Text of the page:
One of the most serious barriers that a growing company faces is to resolve the problem of information flow – upwards, downwards, and sideways which is often grandly termed communication. This problem can cut in at a very early stage – Ibis staff have personal experience of dangerously limited communication in an enterprise of six individuals! As the effectiveness of communication declines, staff (and other stakeholders) become:
Less clear about what is expected of them;
Less sure about exactly what is going on throughout the company;
More suspicious of motives and less willing to accept change;
Poorer quality decision makers;
More likely to become departmentally rather than company minded with an emphasis on NIH (Not invented here);
More inward looking and more task orientated.
The combination of these factors means that policy implementation and task completion slows – or in the worst cases stops, labour turnover, absenteeism, disciplinary problems go up, productivity goes down.
Research suggests that most supervisory staff and management have a clear, but limited view of communication. This is to tell stakeholders what they (that is supervisors/ managers) want them to hear – and not to create a series of functional two way channels which improve reactivity within the enterprise, lead to much better decision making, and create enhanced shared values for all stakeholders. There is no single magic component – managers cannot wave a wand and say “let there be communication” – because a business is made up of a complex interaction of individuals both within and outside the enterprise, there are many communication channels, and effective communication will comprise their interaction. As with all Ibis suggestions, we see the creation of this improved communication system as incremental – companies can steadily introduce more and more components, ensure that they work, and then move on to others.
Some pointers to improved communication
All research shows that stakeholders like to be informed – they may not take in the information, but respond with trust to the enterprise that is trusting them with the information. A useful analogy is with Freedom of Information legislation – think about making communication inclusive rather than exclusive.
Individuals are very poor at separating wheat from chaff in information, which leads to information overload for some – unless the system is properly planned.
Individuals differ in the way that they take in information – some require voice (and individual contact), others require image while others prefer print.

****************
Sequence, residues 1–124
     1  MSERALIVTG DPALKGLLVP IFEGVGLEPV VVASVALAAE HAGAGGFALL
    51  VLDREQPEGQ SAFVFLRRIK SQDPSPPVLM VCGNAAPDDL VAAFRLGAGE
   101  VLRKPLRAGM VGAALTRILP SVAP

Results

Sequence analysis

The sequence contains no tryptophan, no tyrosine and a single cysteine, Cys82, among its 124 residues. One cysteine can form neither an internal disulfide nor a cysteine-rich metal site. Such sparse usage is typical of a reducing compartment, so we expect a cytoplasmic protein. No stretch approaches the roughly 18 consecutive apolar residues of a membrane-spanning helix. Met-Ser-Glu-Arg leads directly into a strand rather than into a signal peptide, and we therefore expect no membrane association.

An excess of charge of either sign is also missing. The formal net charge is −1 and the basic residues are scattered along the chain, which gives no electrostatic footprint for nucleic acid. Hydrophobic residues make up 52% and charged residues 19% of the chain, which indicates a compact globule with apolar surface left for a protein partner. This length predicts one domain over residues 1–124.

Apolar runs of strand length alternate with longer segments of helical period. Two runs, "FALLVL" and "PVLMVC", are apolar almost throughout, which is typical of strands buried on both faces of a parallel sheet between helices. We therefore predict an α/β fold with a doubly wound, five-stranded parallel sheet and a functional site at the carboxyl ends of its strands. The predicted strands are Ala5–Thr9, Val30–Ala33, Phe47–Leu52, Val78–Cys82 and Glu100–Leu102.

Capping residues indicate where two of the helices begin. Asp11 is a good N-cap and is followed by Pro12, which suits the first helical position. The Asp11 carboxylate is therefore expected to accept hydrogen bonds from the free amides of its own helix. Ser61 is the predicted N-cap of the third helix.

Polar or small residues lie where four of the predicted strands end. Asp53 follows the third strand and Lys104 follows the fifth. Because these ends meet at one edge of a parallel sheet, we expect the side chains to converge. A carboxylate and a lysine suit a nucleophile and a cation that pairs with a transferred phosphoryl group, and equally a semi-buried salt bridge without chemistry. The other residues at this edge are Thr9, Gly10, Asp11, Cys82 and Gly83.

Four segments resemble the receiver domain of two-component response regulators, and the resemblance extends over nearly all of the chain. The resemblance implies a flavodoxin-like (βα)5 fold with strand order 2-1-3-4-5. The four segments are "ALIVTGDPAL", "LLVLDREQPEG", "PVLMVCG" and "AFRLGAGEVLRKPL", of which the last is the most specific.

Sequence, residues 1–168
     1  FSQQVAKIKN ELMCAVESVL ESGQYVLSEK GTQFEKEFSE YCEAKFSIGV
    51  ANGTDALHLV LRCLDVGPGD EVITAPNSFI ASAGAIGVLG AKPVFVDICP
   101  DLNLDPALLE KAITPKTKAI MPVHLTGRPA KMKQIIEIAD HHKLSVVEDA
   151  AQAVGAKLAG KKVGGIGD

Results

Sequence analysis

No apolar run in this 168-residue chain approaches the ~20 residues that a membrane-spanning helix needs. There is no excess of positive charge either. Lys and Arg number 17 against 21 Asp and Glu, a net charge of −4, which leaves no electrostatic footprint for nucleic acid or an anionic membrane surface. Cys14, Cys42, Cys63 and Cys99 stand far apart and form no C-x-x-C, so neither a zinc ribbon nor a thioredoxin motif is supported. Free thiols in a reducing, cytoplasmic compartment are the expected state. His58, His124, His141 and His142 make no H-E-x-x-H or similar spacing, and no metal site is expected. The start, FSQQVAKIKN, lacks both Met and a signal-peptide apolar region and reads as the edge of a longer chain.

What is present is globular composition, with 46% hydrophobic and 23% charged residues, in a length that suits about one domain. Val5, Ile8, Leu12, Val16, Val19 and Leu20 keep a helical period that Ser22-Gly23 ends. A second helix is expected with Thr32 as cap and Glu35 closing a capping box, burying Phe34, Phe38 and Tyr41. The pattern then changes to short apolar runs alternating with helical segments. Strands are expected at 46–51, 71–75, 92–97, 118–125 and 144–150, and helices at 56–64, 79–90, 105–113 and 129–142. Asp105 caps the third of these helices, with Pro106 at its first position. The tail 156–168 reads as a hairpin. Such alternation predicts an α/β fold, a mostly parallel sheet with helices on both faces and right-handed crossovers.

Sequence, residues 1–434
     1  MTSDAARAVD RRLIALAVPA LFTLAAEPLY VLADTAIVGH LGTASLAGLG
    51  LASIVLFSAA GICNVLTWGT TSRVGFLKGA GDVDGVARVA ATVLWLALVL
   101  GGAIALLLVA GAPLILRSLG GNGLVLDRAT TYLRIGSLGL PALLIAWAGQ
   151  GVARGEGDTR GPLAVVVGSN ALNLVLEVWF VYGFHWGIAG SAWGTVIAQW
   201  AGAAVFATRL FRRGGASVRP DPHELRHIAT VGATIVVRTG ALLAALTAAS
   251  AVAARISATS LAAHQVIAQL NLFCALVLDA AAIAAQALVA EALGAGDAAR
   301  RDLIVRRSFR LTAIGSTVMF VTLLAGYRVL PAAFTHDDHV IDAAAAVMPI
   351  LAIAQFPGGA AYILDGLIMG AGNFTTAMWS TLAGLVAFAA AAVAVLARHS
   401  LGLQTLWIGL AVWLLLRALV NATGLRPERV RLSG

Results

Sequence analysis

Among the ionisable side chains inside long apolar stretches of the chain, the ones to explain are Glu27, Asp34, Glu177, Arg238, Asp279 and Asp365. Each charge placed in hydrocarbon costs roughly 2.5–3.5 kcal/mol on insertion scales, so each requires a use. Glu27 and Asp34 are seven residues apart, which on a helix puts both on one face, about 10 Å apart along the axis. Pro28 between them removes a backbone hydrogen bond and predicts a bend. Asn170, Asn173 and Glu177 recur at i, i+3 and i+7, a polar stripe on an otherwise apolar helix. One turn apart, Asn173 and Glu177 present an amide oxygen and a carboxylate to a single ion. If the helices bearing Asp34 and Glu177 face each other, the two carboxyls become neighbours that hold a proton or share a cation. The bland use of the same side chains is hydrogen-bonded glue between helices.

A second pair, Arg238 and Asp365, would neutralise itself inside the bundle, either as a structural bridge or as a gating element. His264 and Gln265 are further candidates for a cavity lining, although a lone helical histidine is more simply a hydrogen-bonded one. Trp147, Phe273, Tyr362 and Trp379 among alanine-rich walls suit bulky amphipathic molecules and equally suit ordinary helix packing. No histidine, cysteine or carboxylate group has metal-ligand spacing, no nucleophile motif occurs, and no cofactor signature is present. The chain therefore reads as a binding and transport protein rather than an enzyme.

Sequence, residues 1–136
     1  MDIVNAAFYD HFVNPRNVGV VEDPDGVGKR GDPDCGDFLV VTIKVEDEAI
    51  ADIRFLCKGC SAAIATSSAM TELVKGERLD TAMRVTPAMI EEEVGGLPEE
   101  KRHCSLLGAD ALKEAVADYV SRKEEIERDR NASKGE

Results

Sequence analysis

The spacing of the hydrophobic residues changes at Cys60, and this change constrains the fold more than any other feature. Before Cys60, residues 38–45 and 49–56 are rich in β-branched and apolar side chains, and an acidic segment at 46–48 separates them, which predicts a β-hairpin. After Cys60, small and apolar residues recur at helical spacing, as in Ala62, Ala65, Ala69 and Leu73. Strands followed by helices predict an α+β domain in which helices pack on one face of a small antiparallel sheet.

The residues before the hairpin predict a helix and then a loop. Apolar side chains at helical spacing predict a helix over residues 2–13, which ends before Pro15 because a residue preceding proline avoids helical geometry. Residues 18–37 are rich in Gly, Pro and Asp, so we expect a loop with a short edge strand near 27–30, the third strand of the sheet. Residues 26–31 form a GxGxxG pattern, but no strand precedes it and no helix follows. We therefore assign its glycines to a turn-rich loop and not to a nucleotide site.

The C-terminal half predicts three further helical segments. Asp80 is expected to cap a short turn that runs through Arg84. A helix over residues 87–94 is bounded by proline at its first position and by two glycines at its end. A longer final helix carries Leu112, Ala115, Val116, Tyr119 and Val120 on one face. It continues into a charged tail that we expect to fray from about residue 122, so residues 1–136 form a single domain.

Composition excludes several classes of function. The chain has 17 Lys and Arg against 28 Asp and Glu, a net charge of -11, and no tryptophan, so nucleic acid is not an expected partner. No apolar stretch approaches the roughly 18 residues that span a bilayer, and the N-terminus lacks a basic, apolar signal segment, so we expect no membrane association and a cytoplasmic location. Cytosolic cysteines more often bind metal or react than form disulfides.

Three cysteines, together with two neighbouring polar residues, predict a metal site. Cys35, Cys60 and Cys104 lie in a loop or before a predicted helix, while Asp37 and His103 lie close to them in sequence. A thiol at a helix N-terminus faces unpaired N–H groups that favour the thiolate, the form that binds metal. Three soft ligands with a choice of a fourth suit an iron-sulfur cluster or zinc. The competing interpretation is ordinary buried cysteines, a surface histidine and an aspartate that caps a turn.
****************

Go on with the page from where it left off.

The broader the range of communication channels, the better the overall information that individuals within the enterprise will receive..https://www.entreprise-sans-fautes.com/
Libraries have not evolved in the way they work by accident. Most of have an idea that relevant information existed and go looking for it. Make sure that the information is available in an organised and accessible way – a key feature of an effective management information system.
Few individuals take in all information at one presentation. The analogy to advertising messages is also relevant to information – each individual will require a minimum of messages to receive the underlying information.
Advertising has another lesson for communication – make sure that everything that is communicated is legal, decent and honest. You can sell anything once – to employees and other stakeholders – but once you have done this wrongly – your communication system will never be trusted again.
Commitment from the top, like all others aspects of company management is essential. Employees will become rapidly aware if senior management words are not linked to their deeds.
Changing from a disorganised to organised communication system
What must be accepted by the growing organisation is that the informal system of talking to colleagues across the table in the shared office will no longer work as more and more employees join the enterprise and the number of external stakeholders increase. Certain researchers refer to this as the “platform” – we see it as a steady movement away from resolving structural problems towards operational concerns.
Exactly when this will happen will vary, but it is clear that once the organisation passes beyond the point where the team leaders can maintain informal contact with all individuals on a daily basis, the enterprise needs to increasingly rely on a mixture of three different types of channel: